On July.8 2019, I attended an event called “#MeTooAcademia”, organized by Vrije Universiteit Amsterdam, the place I am currently affiliated with. The motivation of joining this event is from the academic misconduct I have been going through, the Dutch media coverage of similar stories and a suicide committed by a PhD candidate (Huixiang Chen) due to the academic misconduct. The academic misconduct basically comes from the grey area of the whole society, that’s the human mind, the spiritual part of the civilization, something inside and invisible, at least not so visible compared to the material, money and achievement people are always pursuing. In this grey area, anything nasty can happen: aggression, bullying, intimidation. threatening, coercion and harassment. People in academia tend to be more sophisticated (negatively smart), and there is a higher possibility that they could consciously exploit this grey area to their own advantage, compounded by the widespread hierarchy issues. Academia needs significant change to find its meaning back. Setting aside this big question, in this article, I will present some of my thoughts over the experience of this event.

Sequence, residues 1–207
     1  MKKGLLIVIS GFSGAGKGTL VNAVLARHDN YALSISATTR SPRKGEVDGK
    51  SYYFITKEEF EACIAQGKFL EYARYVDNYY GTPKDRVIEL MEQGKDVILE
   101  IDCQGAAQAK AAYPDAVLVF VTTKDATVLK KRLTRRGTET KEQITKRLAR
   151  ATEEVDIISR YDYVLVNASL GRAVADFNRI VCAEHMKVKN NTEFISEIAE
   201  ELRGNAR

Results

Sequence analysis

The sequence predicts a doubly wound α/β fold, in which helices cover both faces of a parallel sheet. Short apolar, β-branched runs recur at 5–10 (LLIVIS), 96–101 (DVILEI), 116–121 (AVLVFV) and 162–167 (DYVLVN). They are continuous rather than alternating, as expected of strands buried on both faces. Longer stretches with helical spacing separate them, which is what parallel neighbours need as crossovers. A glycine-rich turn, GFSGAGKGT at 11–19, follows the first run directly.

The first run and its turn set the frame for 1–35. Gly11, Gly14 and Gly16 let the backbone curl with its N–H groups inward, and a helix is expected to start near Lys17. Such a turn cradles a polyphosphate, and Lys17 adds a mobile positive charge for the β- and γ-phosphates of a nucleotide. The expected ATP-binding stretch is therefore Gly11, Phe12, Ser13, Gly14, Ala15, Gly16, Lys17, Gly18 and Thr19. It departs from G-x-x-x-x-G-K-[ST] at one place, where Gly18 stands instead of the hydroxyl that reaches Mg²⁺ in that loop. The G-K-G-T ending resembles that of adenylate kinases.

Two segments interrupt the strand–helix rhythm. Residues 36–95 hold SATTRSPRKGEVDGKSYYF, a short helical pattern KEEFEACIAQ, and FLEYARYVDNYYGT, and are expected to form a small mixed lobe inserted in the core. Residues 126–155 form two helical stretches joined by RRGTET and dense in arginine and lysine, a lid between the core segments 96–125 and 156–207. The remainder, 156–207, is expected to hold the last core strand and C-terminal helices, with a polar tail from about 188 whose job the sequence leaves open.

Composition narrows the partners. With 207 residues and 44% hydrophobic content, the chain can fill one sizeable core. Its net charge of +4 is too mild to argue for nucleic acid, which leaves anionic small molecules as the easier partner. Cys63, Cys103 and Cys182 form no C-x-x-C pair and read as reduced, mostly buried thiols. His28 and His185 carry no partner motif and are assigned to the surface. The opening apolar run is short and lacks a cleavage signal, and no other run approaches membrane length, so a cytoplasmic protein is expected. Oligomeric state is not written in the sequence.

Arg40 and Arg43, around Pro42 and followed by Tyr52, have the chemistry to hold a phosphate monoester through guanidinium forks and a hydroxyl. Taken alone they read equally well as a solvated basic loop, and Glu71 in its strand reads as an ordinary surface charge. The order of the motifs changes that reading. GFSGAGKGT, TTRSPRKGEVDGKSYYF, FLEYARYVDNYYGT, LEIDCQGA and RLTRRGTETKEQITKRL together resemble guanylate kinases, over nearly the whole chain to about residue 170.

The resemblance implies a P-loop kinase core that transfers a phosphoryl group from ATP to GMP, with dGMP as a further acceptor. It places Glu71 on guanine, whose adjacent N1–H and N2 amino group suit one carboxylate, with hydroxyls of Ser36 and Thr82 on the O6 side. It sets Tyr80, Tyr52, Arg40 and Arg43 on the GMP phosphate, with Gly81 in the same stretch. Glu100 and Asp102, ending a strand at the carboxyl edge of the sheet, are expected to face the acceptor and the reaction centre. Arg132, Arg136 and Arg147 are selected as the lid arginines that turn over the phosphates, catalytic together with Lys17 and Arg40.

I am grateful that I had a chance to speak in front of the audience about the importance of speaking up in such a mental game, yes, handling misconduct is a mental game. Speaking up seems a simple action, but a genuinely complicated procedure which involves a lot of counterintuitive thoughts and mental processes. Speaking up becomes very difficult when people have too much attachment to things and ideas, which triggers the internal conflicts on their mind and blocks their actions. The imagined consequence of speaking up can cause anxiety when one fails to recognize the illusion over the result and cares about ‘self’ too much. So to speak, the ego is always the biggest hurdle. In this event, I shared my story (roughly) and my mental process of speaking up. Before speaking up, I felt a bit anxious about the consequence, but luckily, I realized the result is an illusion, it has not happened yet, and it is only in my head. The only way to know it is to feel it after taking actions, that is, speaking up. After speaking up, actually, I feel safer than before. I feel like transparent and candid because I have nothing to hide. Speaking up means making myself heard, and I could get more support from others. When the action is taken, thought also changes dramatically, you never know. Of course, speaking up requires a lot of mental skills and courage, but as a practical tip, don’t overthink, do it first, that is, speak up then “face” the consequence, which you will never know until you speak up. If you are the lucky ones to be able to speak up, please bear in mind, you are not speaking up for yourself, but for a bigger crowd who are experiencing similar situations. Your action will influence not only yourself but also others for the better.